“Cities,” Jane Jacobs famously told us, “have the capability of providing something for everybody, only because, and only when, they are created by everybody.”
That may have the ring of truth, but how accurate is it? “Everybody” is a pretty broad word. In large cities, “everybody” encompasses a vast range of people, many with different, often opposing, points of view. Conflict lurks at every turn.
It’s no surprise, then, that Toronto is a mass of contradictions. What city isn’t? Whatever claim can be made about the community, so can the opposite. Little wonder that Toronto is a city at odds with itself and deeply uncertain of what it should be, could be or even what it wants to be. Perhaps Toronto’s motto, “Diversity Our Strength,” should be understood as a starting point, a place to begin an examination of a city beset by conflict, sometimes irreconcilable. Here are some examples:
Toronto is the richest city in Canada yet for decades it has wallowed in a state of permanent self-imposed austerity, if not outright poverty of policy and purse. Torontonians enjoy the lowest property tax rates in the Greater Toronto Area, even though anyone who owns a house in the city is de facto a millionaire. So entrenched is this mindset of impoverishment that a promise of no property tax increase above the rate of inflation has been enough to get three of the last five mayors elected in the city where parsimony never sleeps. Until Olivia Chow was elected mayor in June, the results — crumbling civic infrastructure, frayed social safety net, inadequate transit, reduced programming and endlessly delayed maintenance — were studiously ignored. Now we talk about little else.
In the midst of the worst housing crisis since World War II, residential construction, mostly of condos aimed at investors and luxury buyers, has reached unprecedented levels. Sadly, it will do nothing to alleviate the crisis of affordability and may even make it worse. Aided by planners and politicians, developers have disfigured whole neighbourhoods and helped make traffic into a nightmarish mix of gridlock, exhaust fumes and road rage. Meanwhile, fewer Torontonians can afford a place to live and the homeless are turning city parks into encampments. But please, don’t call it a depression.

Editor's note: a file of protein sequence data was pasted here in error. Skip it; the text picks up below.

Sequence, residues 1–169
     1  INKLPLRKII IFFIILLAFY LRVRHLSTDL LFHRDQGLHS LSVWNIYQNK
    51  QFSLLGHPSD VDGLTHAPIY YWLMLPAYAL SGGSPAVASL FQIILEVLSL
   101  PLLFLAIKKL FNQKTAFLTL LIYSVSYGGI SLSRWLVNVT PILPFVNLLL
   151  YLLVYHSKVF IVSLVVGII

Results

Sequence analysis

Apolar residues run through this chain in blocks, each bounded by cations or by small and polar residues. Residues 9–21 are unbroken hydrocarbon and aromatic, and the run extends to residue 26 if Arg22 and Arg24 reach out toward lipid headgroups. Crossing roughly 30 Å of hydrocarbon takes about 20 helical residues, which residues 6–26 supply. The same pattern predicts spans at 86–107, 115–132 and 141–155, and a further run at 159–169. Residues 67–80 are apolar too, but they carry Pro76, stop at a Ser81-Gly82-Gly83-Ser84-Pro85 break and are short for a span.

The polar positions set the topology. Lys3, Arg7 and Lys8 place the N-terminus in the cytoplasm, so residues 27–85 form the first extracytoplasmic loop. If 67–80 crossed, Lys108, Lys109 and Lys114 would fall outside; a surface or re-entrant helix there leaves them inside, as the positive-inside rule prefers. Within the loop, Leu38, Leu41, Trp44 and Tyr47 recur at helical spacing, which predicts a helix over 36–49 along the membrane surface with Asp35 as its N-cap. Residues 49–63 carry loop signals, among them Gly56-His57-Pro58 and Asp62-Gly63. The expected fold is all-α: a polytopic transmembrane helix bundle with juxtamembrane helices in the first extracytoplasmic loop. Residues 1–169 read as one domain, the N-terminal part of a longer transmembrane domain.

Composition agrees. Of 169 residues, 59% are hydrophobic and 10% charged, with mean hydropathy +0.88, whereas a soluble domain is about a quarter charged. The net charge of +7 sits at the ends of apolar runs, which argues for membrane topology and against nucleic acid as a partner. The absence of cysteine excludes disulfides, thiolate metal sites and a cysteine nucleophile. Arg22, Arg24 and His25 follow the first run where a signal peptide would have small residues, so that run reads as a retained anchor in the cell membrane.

Though Toronto handed itself over to the car more than a century ago, driving in the city has never been more frustrating, congested and dangerous. After so many decades, we still haven’t figured out how to deal with vehicular traffic. We are reckoned to have the third worst traffic in North America after Chicago and Boston. Increased pressure to open up the streets to other forms of mobility — bicycles, scooters and the like — has only exacerbated the situation. And as for public transit, it seems to go from bad to worse. We continue to spin our wheels. Despite reams of research to the contrary, we still believe adding another lane, or two or three, will relieve congestion. If only.
Our subway runs farther, faster and more frequently than ever, but the Toronto Transit Commission has never seemed less reliable. Numerous studies tell us that commuters choose public transit over their cars only when it’s easier, more convenient and dependable. In 2013, Tallinn, the capital of Estonia, made its transit system free. A decade later, ridership is down and car use up. Convenience, not fares, is the critical issue. In the meantime, the TTC and Metrolinx, stumbling from breakdown to boondoggle and back, have made rolling stock a laughing stock. The Eglinton Crosstown is a debacle of epic proportions. After $13B and 12 years, the 19-km line is still under construction. Torontonians are left waiting for a train that hasn’t left the station.
Toronto has never been in greater need of strong civic leadership but the lack of meaningful municipal democracy has made that increasingly impossible. Local political power was never much more than a fiction, but since Doug Ford became premier in 2018, he has gleefully overruled the city on everything from the size and make-up of wards to city planning rules and taxation regimes. In August, Mayor Olivia Chow proposed Toronto levy a modest 1% municipal sales tax. Now the City waits for permission from the city’s unelected mayor, Doug Ford. The silence is deafening.
A city where fear and loathing of skyscrapers runs rampant, where whole neighbourhoods unite to fight the mere mention of a six-storey building, is erecting more tall towers than any other city in the U.S., let alone Canada. According to the latest Rider Levett Bucknall Crane Index, the city has 238 cranes at work, more than New York, Chicago, Boston, Los Angeles, Seattle, and San Francisco combined! In Canada, second place went to Calgary, with 20 cranes. With a disconnect this big, it really can seem like the sky is falling.
The self-proclaimed “City Within a Park” is a vegetative disaster zone. It can appear pretty, but only from a distance. Get a bit closer and you realize that the greenery consists of nasty invasives such as dog-strangling vine, garlic mustard, phragmites, common buckthorn and the like. They have colonized the landscape and changed the city. Just don’t get too close.